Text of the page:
Sonic’s three other staff and a summer contractor are on board with that because the nature of the product, industry, market and lifestyle is “something cool”, says Mr Sutton.

Employees include veteran surfboard-maker Stephen “Jinx” Johnson, who shapes rescue boards from blocks of expanded polystyrene.

Rob Miller spray-finishes the final rescue board design.

Kiwi boat builder Andrew Robertson is in charge of the ski manufacturing arm.

No extra staff are planned yet but that is a consideration for the future. An increase in staff numbers has to be sustainable. On the table are ideas for diversification.

“The business has some strong aspirations to branch into the watersports market that Gisborne is particularly strong in,” says Mr Sutton.

Mr Johnson began shaping surfboards with Benny Hutchings then embarked on a long career of shaping for New Wave through the 1980s. He also shaped rescue boards for Mr Hutchings and went on to work as a shaper with Cory Hutchings.

“Since we have had Sonic, Jinx hasn’t had much time to follow his passion — but coming out here we can slowly introduce some of his longboard shapes,” says Mr Sutton.

In the past eight years he has learned much about being in business, he says.

“My skin is thicker now. You have some intense moments where you miss out on work but I’ve developed the ability not to take anything too personally.”

Now a father of a daughter, 9, and son, 3, Mr Sutton has grown to appreciate the little things.

“From 2pm on Sunday it’s family time for the four of us. No work, no computers. I don’t want to be that guy who wakes up at 50 and realises I’ve missed out on watching my kids grow up.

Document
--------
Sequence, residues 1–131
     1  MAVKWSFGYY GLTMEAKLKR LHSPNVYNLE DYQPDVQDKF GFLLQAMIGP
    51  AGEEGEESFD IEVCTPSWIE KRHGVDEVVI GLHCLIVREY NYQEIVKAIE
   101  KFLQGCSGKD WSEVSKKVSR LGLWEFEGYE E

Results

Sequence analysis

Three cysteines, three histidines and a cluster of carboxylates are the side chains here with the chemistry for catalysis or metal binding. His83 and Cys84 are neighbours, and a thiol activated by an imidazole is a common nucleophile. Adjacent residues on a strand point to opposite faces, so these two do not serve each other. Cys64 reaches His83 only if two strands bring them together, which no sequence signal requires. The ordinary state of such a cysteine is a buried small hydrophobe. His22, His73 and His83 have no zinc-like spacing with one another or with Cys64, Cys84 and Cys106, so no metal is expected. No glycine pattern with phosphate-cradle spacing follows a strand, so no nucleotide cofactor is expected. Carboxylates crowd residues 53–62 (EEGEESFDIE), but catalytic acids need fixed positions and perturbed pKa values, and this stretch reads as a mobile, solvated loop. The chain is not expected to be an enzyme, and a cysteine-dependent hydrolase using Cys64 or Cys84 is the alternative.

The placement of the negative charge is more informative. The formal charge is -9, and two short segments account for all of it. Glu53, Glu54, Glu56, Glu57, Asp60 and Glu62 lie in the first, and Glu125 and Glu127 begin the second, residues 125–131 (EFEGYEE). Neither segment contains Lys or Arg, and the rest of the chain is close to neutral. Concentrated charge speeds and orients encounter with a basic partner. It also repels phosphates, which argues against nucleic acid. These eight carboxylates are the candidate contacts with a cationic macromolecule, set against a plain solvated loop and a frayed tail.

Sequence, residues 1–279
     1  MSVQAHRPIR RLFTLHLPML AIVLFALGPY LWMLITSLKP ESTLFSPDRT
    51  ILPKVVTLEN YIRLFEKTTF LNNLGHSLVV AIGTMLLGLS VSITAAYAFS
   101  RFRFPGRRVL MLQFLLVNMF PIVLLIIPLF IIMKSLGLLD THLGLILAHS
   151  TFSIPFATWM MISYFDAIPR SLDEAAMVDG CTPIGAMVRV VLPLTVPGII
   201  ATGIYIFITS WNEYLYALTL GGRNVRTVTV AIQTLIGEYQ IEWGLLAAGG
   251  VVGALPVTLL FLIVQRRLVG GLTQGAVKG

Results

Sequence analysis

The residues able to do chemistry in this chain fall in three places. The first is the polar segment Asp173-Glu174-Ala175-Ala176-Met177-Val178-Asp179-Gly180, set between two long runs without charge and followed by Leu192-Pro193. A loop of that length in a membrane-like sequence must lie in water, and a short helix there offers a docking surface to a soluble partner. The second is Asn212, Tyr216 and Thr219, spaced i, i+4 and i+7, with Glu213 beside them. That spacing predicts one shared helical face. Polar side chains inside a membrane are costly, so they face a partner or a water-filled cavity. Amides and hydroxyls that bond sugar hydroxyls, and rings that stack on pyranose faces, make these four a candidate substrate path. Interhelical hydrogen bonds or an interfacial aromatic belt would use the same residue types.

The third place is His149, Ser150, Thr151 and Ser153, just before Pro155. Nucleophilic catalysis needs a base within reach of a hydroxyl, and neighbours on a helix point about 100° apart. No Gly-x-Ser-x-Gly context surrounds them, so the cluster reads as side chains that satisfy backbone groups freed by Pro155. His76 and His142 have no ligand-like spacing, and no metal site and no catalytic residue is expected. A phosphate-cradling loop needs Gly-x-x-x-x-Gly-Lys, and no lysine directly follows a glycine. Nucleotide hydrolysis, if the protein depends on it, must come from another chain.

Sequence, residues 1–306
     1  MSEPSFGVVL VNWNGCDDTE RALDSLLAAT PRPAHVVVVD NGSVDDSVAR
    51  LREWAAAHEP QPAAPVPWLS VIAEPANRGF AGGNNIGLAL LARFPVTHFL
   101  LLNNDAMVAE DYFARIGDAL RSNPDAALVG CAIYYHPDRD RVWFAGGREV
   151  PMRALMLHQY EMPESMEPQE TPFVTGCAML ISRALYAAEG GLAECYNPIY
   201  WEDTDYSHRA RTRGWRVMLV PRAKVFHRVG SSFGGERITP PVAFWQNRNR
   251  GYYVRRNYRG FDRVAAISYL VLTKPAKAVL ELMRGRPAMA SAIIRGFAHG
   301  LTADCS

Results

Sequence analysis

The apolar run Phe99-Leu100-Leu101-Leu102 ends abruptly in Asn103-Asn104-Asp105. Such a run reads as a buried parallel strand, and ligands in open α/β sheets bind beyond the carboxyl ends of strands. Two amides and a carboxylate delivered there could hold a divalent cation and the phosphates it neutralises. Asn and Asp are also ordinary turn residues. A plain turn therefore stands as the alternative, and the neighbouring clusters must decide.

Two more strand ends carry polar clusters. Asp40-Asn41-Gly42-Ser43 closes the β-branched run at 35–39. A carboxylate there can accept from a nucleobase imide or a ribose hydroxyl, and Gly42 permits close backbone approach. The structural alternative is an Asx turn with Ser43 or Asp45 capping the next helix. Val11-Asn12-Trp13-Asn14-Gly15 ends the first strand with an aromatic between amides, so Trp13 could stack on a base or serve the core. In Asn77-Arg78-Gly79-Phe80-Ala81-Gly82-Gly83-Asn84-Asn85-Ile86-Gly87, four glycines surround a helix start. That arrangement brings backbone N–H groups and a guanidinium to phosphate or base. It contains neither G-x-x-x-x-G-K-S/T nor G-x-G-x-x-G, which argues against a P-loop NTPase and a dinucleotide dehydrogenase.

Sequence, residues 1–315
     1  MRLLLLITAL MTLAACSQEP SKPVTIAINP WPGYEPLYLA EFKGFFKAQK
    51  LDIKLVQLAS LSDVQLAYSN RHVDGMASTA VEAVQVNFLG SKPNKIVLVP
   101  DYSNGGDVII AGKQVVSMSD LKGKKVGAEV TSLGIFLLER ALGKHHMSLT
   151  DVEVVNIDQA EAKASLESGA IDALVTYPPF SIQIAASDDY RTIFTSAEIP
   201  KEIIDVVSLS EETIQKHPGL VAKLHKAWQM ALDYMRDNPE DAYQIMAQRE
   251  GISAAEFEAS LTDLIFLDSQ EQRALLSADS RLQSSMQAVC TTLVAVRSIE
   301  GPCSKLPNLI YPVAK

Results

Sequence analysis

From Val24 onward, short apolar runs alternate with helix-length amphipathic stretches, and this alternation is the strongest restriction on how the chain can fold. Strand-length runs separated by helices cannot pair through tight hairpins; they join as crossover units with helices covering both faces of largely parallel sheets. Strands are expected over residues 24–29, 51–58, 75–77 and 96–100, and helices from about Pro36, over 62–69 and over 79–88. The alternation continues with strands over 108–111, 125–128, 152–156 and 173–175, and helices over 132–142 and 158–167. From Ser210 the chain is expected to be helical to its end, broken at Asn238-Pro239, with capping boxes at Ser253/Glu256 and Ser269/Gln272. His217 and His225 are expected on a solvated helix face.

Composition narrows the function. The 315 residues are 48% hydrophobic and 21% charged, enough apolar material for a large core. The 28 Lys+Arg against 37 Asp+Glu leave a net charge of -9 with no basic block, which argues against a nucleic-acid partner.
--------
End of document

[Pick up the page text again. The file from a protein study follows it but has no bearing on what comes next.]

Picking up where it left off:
“At the same time I’m really competitive. I come from a sport in which I competed at a national level. I want to finish first but it has to be balanced out with the right things. I’ve never been so driven to do what I do. But I’ve never been so driven to spend time with my kids.

“I think that’s quite a Kiwi thing. We’re in business in New Zealand for different reasons than in other parts of the world.”

FOUR years have passed since The Business Quarterly profiled Matt and Kylee Sutton’s manufacturing business Sonic Surf Craft NZ.

Back then, Mr Sutton said Sonic NZ could be perceived as the manufacturer of a glossy product that was taken to surf carnivals.

“What people don’t see is the stress and battle we go through. It’s not glamorous. I’ll make mistakes and continue doing that, but we’ve learned a lot in the past three years.”

Since then, Mr Sutton’s business approach has undergone two significant developments — one practical, the other personal.

He recently shifted operations from a Stanley Road site to a spacious building in Commerce Place, the industrial park on Awapuni Road, where his factory is twice the size.

The new facility has a large, naturally-lit reception area and comfortable showroom. Upstairs are three large rooms, one of which Mrs Sutton uses to print the logos, a job she previously did on the kitchen table at home. The upper floor is also home to “the best smoko room in Gisborne” — a large room opens on to a deck overlooking the bay.

“It’s a lot easier here,” says Matt. “The other place was like a rabbit warren. The new site is a hundred times better. It’s a much more open work space. It’s all about improved efficiency.

“Here it’s all lined up. In the old place you’d be walking up and down the factory to various rooms. It worked for us but as we introduced new products, it became apparent we had grown out of it.”

The airy, well-lit showroom displays sleek new longboards and rescue boards with decorative patterns.

“It’s such a colourful business we’re in, it seems silly not to have a nice space to display our products in,” says Mr Sutton.

Mr Sutton sees potential in the industrial park Sonic is now based for a cafe to sit alongside distributors, manufacturers and services.